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CLEVELAND -- The Kansas City Police Department disciplined one of their officers for posting a false photo of Michael Brown to his personal Facebook page with the caption saying "Michael Brown is a pillar of the Ferguson community."

While some claim he has free speech, WKYC tracked down the social media policies of some local police departments to see if our officers are held to a higher standard.

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The four-page policy for the Cleveland Police Department. Included in it is a ban on posting anything that lowers the esteem of the police in the eyes of the public.

Other jurisdictions we spoke with have similar policies but know it's a tricky thing because of some of the good that comes with social media.

READ THE SOCIAL MEDIA POLICIES OF SEVERAL LOCAL DEPARTMENTS:

AKRON POLICE: Read their policy

CANTON POLICE: Read their policy

CLEVELAND POLICE: Read their policy

STREETSBORO POLICE: Read their policy

With almost 160,000 Facebook followers on his department's page, Brimfield Police Chief David Oliver will be the first to say how beneficial social media can be for police.

"This job is important with trust in the community and what we've done with our social media has helped us to build trust," said Oliver.

Oliver says their posts are transparent but not inflammatory, a policy that is also enforced on officer's personal pages.

"No matter if it's on social media or anyplace else they don't want to do anything on social media to jeopardize our reputation and guiding principles," said Oliver.

While some departments have a specific social media policy, others enforce the same rules under a broader policy.

"We expect them to conduct themselves off duty as well as on duty, and anything that would obviously be illegal or anything that would put the department or the city in a negative light would violate the policy, but we don't have a specific social media policy," said Mike Kilbane, Independence chief of police.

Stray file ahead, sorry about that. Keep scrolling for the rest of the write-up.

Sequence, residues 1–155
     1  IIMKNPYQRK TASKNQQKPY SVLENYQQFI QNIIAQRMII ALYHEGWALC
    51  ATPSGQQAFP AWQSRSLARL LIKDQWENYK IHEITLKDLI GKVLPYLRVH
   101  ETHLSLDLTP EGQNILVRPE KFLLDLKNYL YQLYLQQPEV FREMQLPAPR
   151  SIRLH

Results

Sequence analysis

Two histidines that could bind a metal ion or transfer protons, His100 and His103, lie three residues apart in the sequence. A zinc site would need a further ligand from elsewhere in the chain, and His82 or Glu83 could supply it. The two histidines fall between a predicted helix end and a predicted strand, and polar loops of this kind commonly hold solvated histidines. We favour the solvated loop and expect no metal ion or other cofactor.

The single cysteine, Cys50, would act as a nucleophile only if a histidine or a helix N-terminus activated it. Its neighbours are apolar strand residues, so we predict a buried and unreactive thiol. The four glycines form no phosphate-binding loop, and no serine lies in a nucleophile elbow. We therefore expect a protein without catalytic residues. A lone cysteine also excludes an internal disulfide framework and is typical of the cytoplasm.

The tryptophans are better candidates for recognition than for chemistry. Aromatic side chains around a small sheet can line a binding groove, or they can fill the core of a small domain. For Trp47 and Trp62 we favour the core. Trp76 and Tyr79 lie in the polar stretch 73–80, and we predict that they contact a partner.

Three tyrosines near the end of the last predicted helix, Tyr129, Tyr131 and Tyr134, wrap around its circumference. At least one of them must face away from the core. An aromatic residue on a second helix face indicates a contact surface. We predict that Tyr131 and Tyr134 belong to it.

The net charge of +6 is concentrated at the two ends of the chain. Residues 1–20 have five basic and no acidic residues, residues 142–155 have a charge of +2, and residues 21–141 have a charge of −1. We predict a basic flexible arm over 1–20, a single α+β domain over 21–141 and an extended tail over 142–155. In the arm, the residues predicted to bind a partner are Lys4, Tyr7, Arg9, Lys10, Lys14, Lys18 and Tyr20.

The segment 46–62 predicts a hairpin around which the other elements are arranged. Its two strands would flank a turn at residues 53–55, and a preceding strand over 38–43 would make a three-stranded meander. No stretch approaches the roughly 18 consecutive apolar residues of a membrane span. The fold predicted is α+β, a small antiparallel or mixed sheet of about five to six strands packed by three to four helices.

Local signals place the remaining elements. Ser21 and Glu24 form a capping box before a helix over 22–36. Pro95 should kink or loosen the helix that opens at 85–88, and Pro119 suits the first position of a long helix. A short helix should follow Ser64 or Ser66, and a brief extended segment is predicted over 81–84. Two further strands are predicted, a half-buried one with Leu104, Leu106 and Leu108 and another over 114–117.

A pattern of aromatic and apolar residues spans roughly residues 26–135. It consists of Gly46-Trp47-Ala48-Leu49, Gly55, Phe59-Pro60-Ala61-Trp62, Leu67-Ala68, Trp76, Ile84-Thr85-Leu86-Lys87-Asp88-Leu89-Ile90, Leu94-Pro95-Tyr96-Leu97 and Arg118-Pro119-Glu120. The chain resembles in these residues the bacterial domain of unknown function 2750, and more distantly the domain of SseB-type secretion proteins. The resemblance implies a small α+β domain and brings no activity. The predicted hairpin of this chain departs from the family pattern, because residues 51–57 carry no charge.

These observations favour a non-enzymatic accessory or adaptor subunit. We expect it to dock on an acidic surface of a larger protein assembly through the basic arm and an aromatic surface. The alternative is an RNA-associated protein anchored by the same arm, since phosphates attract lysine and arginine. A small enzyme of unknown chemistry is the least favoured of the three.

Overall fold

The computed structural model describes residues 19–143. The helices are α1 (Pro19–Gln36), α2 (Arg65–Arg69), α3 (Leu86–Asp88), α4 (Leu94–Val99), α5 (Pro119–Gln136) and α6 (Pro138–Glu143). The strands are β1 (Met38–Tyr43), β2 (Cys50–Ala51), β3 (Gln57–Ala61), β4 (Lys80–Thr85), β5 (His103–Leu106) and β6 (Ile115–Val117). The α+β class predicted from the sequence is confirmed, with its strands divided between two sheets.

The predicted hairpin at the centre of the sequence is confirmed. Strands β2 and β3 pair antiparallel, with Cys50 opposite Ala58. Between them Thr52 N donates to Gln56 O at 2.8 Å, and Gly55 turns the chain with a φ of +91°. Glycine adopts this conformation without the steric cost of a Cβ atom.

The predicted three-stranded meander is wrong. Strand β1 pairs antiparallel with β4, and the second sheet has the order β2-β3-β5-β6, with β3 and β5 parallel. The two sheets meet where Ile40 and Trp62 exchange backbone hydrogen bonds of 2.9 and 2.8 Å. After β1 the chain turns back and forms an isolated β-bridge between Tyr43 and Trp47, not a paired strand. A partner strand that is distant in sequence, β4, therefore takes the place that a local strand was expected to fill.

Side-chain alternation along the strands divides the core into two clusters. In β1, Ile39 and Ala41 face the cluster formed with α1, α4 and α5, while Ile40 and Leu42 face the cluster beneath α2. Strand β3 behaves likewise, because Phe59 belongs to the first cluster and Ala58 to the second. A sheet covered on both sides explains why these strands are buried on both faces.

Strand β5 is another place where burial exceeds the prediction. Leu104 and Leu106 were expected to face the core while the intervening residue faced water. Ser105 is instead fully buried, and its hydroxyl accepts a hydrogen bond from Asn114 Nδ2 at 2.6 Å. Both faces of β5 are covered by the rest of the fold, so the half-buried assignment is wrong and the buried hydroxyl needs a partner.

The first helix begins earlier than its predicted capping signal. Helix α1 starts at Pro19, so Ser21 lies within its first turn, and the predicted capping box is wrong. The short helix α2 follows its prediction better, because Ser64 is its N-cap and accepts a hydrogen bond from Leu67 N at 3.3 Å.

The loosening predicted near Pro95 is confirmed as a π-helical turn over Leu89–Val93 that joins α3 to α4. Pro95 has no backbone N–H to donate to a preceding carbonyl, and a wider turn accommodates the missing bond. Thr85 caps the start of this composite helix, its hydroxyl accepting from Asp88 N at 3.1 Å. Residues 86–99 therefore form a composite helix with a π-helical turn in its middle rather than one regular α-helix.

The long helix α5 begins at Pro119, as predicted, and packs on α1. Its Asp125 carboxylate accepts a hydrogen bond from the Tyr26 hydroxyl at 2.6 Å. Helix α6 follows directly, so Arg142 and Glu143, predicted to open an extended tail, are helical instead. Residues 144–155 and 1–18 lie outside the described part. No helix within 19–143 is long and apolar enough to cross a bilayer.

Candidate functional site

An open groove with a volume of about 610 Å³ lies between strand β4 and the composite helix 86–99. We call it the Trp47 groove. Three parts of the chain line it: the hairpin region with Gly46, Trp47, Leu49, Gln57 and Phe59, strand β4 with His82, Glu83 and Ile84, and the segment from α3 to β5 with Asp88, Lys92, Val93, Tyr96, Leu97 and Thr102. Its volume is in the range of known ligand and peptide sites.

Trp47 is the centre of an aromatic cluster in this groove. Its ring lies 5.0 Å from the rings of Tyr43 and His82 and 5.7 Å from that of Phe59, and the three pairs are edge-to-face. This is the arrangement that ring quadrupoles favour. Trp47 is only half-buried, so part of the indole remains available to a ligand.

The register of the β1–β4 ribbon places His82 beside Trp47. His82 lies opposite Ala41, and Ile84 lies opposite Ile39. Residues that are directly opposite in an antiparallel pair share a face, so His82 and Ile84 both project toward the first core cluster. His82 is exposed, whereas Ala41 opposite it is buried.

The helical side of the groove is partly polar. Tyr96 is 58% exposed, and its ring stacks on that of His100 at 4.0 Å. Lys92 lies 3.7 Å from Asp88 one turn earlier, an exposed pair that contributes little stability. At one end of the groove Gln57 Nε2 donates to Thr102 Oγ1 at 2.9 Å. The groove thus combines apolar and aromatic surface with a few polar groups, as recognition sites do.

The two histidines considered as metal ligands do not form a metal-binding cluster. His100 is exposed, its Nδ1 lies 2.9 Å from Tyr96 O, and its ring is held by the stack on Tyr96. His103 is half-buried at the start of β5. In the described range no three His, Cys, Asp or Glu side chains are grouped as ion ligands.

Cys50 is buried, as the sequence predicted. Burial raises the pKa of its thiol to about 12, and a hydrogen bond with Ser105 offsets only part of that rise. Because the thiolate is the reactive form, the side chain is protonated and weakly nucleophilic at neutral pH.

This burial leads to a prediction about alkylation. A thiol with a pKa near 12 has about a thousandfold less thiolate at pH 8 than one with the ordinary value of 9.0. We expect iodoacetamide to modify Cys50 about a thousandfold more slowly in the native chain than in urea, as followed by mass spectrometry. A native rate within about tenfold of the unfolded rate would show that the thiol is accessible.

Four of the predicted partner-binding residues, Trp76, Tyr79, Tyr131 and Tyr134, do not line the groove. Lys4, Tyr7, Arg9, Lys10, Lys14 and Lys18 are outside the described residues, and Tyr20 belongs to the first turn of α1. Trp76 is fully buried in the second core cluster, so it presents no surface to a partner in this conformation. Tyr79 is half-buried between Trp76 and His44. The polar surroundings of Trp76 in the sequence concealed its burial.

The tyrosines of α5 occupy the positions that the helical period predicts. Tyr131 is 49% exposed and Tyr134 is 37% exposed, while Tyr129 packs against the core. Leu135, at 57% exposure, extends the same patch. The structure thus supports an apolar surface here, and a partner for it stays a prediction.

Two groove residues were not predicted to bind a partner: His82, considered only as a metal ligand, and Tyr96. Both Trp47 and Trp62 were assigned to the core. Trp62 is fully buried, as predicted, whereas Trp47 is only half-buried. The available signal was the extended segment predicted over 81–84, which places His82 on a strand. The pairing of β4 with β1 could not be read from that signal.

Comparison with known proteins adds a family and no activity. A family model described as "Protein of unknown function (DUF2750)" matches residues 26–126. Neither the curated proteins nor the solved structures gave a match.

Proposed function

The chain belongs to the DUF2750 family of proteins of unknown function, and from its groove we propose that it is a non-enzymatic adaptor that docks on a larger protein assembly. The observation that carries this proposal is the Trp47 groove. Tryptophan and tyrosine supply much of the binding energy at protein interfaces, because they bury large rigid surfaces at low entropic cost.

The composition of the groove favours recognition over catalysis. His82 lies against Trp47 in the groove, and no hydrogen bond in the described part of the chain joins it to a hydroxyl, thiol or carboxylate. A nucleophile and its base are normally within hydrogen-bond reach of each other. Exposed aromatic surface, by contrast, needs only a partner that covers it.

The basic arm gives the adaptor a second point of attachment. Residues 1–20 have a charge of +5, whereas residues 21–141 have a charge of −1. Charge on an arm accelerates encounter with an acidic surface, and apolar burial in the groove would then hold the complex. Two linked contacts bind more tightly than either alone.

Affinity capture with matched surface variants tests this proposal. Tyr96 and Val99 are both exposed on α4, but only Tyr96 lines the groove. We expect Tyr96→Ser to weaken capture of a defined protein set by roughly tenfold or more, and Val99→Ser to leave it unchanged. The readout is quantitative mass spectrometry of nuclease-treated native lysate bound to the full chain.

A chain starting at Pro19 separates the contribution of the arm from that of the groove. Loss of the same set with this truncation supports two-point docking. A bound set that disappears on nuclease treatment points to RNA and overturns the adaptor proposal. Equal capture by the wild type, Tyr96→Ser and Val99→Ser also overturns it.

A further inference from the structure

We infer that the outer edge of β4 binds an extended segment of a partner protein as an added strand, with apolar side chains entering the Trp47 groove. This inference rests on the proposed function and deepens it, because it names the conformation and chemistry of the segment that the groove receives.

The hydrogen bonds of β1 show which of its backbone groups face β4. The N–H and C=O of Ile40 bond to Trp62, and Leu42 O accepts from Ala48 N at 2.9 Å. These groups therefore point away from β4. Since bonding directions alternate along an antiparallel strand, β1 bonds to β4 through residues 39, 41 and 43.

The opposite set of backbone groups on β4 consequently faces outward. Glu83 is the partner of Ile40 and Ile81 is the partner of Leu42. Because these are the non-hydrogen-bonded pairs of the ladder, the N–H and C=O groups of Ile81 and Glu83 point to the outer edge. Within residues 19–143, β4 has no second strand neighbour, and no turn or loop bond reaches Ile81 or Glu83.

When we posed the question on Facebook, many of our viewers said the officers should have free speech to say what they want.

"I understand the free speech issues," said Oliver. "I understand all of that, but when you are a police officer you are held to a higher standard."

Oliver says they work too hard to build up the trust to have one of their officers tear that down with a dumb post.

"Fire can heat your house, it can keep you warm and it can cook your food, but if it gets out-of-control it can burn you down," said Oliver. "And the same thing with social media. They can be good but out of control, it could hurt you."

Oliver says the tensions in Ferguson right now are a prime reason why trust is needed between the officers and the community they serve. He says that's why they have a social media policy.

We've gathered a couple of the local social media policies from the area.

Each of the jurisdictions we spoke with say they have not had any officers break the policy.

Follow WKYC's Wale Aliyu on Twitter: @WaleAliyu

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